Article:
We can chart a beautiful path from illness to wellness. A path far more pleasant than hospitalisation. It’s a special setting in mind, body, spirit in which the rivers of imagination flow with lyrical joy, birds of expression sing songs melodious and moving, dewdrops of emotions sparkle like Alladin’s jewels, trees of love generously shower leaves of affection and soft petals of blessings. You might have already guessed it. Yes, it’s the way of the artist, the poet, the storyteller.
A recent study bears this out. In the premises of the Drexel University, US, candidates busily engaged themselves in making art. Imagine a room full of adults silently sketching, colouring, their creative juices astir. And at the end of the session? Lower levels of cortisol, the stress-inducing hormone.
I don’t think it’s only the sketching per se but the intention and innocence that come with it. Unspoken is the sentiment, “I am here to have fun, not to compete or prove anything to anyone.” The mind wants to cooperate. And that’s huge. It does not resist. It becomes pliant, peaceful, silent, deeply absorbed in the activity. It’s fascinating to be all there as your hand describes a line that curves and straightens and coils according to what you wish to portray. The whole body participates by reaching a wonderful state of inner stillness, awaiting some beautiful outcome.
Your blood pressure becomes normal, heartbeats steady, hormones balanced, organs function at a comfortable pace. Along with holding the sketch pencil, you hold the reins to wholesome health, free from destructive thoughts and physical shortcomings.
The mind becomes patient, calm, focused. There is no intense effort. Since there is no unnecessary pressure, no trying too hard, something delicate and light and fresh opens inside. No surprise then that the participants unanimously described the sketching experience as “therapeutic, relaxing, thoughtful.”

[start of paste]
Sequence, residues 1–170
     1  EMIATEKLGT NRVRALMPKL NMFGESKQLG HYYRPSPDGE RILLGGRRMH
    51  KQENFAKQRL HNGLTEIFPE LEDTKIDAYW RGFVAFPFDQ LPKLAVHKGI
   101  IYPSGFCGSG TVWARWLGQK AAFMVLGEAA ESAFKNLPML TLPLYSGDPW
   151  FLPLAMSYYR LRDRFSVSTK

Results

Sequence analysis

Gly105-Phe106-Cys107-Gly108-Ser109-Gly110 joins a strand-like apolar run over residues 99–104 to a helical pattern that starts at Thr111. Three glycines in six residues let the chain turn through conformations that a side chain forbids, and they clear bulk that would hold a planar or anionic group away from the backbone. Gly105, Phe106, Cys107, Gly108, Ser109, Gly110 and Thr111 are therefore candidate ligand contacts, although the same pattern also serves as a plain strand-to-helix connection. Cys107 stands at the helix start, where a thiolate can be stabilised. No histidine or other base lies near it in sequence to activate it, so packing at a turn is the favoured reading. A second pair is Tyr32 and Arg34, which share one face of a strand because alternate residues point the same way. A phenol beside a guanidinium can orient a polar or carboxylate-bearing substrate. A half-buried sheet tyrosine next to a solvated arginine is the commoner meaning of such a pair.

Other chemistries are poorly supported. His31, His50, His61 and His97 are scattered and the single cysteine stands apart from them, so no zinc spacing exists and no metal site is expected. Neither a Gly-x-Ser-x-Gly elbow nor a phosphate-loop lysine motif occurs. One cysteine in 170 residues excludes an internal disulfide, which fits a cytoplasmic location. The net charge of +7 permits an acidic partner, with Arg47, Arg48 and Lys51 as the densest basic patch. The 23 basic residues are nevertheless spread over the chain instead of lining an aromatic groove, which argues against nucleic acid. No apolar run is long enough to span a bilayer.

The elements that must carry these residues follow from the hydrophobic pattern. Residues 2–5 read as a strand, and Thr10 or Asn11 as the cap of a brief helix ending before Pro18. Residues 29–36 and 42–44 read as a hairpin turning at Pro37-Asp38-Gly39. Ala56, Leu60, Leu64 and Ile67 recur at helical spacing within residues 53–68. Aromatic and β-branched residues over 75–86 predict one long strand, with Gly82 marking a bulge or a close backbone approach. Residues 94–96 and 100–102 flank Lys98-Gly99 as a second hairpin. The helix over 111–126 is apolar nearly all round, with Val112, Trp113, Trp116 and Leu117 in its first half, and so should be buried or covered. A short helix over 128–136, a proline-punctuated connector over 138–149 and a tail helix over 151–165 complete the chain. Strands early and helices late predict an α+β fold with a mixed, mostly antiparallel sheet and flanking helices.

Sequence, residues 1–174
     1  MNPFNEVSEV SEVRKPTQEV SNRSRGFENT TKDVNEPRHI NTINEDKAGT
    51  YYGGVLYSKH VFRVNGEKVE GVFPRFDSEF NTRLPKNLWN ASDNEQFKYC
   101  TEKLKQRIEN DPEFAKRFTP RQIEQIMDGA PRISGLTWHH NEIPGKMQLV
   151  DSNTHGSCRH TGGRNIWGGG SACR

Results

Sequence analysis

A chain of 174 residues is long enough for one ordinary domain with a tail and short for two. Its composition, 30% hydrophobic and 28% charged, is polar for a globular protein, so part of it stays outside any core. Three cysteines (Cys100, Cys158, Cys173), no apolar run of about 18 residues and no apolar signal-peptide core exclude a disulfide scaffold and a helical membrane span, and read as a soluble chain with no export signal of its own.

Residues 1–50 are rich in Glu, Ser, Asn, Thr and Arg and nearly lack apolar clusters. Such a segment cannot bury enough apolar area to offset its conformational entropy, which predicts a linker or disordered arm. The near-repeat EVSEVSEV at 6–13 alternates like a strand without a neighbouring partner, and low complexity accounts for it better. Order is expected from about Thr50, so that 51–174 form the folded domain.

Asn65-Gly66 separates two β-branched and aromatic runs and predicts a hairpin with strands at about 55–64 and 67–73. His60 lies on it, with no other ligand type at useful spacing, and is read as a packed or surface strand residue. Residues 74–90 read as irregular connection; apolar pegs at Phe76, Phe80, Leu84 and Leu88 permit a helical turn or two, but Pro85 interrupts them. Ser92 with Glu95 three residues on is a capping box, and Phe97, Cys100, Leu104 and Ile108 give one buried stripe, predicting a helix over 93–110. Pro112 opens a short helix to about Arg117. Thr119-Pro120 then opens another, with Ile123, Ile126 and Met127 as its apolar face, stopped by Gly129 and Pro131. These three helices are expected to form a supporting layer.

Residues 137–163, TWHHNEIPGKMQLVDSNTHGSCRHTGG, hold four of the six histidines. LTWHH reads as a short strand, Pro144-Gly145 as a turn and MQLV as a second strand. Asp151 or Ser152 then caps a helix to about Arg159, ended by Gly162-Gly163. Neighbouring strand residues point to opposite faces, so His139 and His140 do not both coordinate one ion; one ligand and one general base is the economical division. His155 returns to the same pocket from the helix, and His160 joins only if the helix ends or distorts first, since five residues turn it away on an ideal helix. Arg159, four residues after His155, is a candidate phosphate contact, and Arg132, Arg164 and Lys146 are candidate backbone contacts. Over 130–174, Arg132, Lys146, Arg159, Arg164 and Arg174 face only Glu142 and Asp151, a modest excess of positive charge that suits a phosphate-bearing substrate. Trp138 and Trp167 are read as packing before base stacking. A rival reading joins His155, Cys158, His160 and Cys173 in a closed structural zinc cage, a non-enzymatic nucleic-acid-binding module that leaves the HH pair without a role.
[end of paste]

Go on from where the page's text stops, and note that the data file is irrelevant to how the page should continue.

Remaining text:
The power of poetry
On the same lines, hospitals, prisons, rehabilitation centres across the USA are using poetry to calm fears and plant strength. As disturbances die, minds resurrect and bodies heal. “Poetry helps the distressed to relax, the stricken to recover and the psychotic to relate,’ says a new school of psychology. A poem grounds. Fear and rage don’t seem like daunting monsters, indecisiveness doesn’t feel like a weakness anymore.
There’s an easing, a sense of release as isolation dissipates. Surely, if poets could have the same feelings and boldly express them in print, I am not the only one to be so afflicted. Also, the metaphors in the poems pave and soften the way to understanding oneself and the circumstances. When a metaphor takes the feelings lurking inside me and places them outside as words, I can review them without the accompanying shame or smallness. In the new light, I can reframe them and feel the rawness in me heal; and let the power of my new understanding pull me out of the pits of self-pity. For, metaphors do not make me judge myself unkindly. With their charm, they compel me to listen to their message as I listen to the wind whistling through the windows or the invisible bird that coos and chants like a winged monk. And willy nilly, I let go that-which-is-holding-me-back and awaken to a new, awesome sense of aliveness.